The next day, it only seemed appropriate to go out and burn it again. After sufficiently filling myself on the complimentary breakfast of various pastries and yogurt, I decided to take a day trip out to the nearby village of Virpazar, situation right on the crux between the Crmnica River and Skadar Lake, the largest lake in the Balkans. After a short and cheap (only 1€!) train ride, I got off at a station in nearly the middle of nowhere, only a few small village houses and train tracks to be seen for miles. The town of Virpazar was roughly a half a kilometer away down the tracks from the station but even it was not much bigger than a single looping street lined with a couple restaurants and hotels. The number of stray animals there seemed to actually outnumber the people but that was fine with me. I had been getting into the habit of befriending these stray cats and dogs while secretly thinking about how one might go about smuggling an animal into an Oxford dorm. But after a couple loops around the town, as pretty as it was, I found I had already just about exhausted it for things to do unless I decided to pay an extortionate amount for a boat ride by the guy on street rather abrasively pushing them on people as they walked past.
But the day was beautiful, warmer than any I had experienced thus far, and I was thus perfectly content to just wander, and that’s exactly what I did. Opposite the train tracks was a tiny little dirt road leading away from the town. I had no idea where it went, only that it would eventually go to the larger town of Bar. I set off down this road, with no intended destination or set goal of distance. For the next several hours, I just walked, singing to myself and soaking in the simple beauty and quiet calm of the nature around me. I relished in the opportunity to see unfamiliar plants and animals, such as snakes (some incredibly large) sunning themselves on the road who would slither into the grass as I walked by and turtles getting high-centered on twigs. Sometimes these stretches of nature were interspersed among occasional houses and small vineyards. As I passed by, I saw everyone from children to old men and women working hard in the hot sun, tilling at the ground, mending fences, and clipping clothes onto the laundry line. Most of them stared as I went past, probably wondering what on earth someone was doing walking down the road, but the occasional few would wave and mutter a greeting. I was captivated by all of it. It’s a lifestyle one no longer sees very often in the western world but a lifestyle I can one day picture myself living nonetheless. The hot sun blistered against my left shoulder, the one that had received the most damage the day before, but I didn’t care.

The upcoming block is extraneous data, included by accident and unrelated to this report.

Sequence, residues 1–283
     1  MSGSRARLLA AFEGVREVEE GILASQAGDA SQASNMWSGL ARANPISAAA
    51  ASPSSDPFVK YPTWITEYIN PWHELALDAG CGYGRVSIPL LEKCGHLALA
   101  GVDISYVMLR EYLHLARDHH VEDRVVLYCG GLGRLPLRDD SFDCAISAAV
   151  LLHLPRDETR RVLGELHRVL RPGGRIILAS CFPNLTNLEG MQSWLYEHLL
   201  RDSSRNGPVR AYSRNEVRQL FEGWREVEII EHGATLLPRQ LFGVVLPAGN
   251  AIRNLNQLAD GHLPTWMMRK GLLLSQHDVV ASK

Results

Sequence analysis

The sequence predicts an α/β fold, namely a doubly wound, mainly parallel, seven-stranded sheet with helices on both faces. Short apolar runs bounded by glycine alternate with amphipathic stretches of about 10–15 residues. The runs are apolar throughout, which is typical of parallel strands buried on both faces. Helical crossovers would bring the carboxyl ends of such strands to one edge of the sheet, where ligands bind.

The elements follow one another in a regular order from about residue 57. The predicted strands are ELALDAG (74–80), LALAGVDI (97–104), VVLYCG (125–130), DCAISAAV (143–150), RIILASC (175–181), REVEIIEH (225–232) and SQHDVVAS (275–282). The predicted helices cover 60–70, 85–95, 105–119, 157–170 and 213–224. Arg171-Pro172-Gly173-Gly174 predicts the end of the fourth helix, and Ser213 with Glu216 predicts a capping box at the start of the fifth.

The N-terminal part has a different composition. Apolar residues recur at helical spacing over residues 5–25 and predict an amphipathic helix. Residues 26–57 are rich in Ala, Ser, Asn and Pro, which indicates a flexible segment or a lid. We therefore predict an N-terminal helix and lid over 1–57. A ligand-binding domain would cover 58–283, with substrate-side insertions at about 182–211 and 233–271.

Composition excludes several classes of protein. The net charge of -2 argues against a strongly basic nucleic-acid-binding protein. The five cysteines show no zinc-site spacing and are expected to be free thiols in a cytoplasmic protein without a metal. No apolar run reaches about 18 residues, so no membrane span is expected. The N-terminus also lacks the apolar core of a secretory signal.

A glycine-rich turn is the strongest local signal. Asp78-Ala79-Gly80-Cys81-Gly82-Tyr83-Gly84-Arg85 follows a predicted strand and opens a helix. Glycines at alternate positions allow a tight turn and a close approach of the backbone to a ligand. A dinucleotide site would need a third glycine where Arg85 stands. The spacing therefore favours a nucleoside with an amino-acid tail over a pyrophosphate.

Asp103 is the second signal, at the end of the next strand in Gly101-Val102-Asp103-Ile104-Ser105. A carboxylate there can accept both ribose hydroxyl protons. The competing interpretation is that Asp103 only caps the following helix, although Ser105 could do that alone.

After hours of slow, aimless walking, I came to a fork in the road and the first sign I had seen the whole way. Pointing toward the direction from which I had come, it said “Virpazar- 6km” and pointing in the opposite direction, “Bar- 18km.” Well that was that. After an untended 6km walk, I decided it best not to try to make it another 18km and turned around to walk the 6km I had just done. Naturally, the sun had crested past noon and was now moving down the opposite side, still blistering that same left shoulder. I could only hope the burn would be better by the time I had to put on my pack in two days time. I got back to Virpazar in the early afternoon, and took a break on the town’s old bridge. My favorite thing about Virpazar: the sounds. Being right at the merging point of a lake and a river, the water surrounding the village is for all intents and purposes a swamp but because of that it is also filled with frogs. These frogs are constantly croaking so much that the air is a constant chorus of these voices and you can hear quite literally hear nothing else. Ever since I was a child, I’ve always loved frogs. I had pet frogs and out camping you could almost always find me down at the creek with my net and plastic bucket catching them. While the swamp land made it too difficult to actually catch them, not for lacking trying mind you, I was perfectly content to listen to amphibious orchestra (dibs on the band name). Even from the fortress overlooking the town, the high vantage point from which I watched the sun set before catching the train back to Podgorica, you could hear this strangely unique and beautiful music of Montenegro.